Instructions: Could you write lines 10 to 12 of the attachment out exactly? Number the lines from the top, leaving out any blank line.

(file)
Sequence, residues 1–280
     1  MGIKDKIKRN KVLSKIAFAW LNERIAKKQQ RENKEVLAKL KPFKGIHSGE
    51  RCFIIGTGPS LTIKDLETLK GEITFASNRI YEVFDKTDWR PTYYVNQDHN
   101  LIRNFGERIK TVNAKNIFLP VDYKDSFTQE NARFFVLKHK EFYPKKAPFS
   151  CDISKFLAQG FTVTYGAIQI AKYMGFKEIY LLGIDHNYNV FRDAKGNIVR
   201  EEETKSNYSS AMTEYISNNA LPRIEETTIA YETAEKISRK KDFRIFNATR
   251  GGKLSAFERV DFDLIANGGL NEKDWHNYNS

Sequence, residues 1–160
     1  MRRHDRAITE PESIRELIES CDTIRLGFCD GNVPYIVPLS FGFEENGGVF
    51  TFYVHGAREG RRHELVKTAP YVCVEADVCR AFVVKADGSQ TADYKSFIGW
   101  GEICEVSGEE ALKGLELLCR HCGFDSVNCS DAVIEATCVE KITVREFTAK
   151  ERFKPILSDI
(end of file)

    51  TFYVHGAREG RRHELVKTAP YVCVEADVCR AFVVKADGSQ TADYKSFIGW
   101  GEICEVSGEE ALKGLELLCR HCGFDSVNCS DAVIEATCVE KITVREFTAK
   151  ERFKPILSDI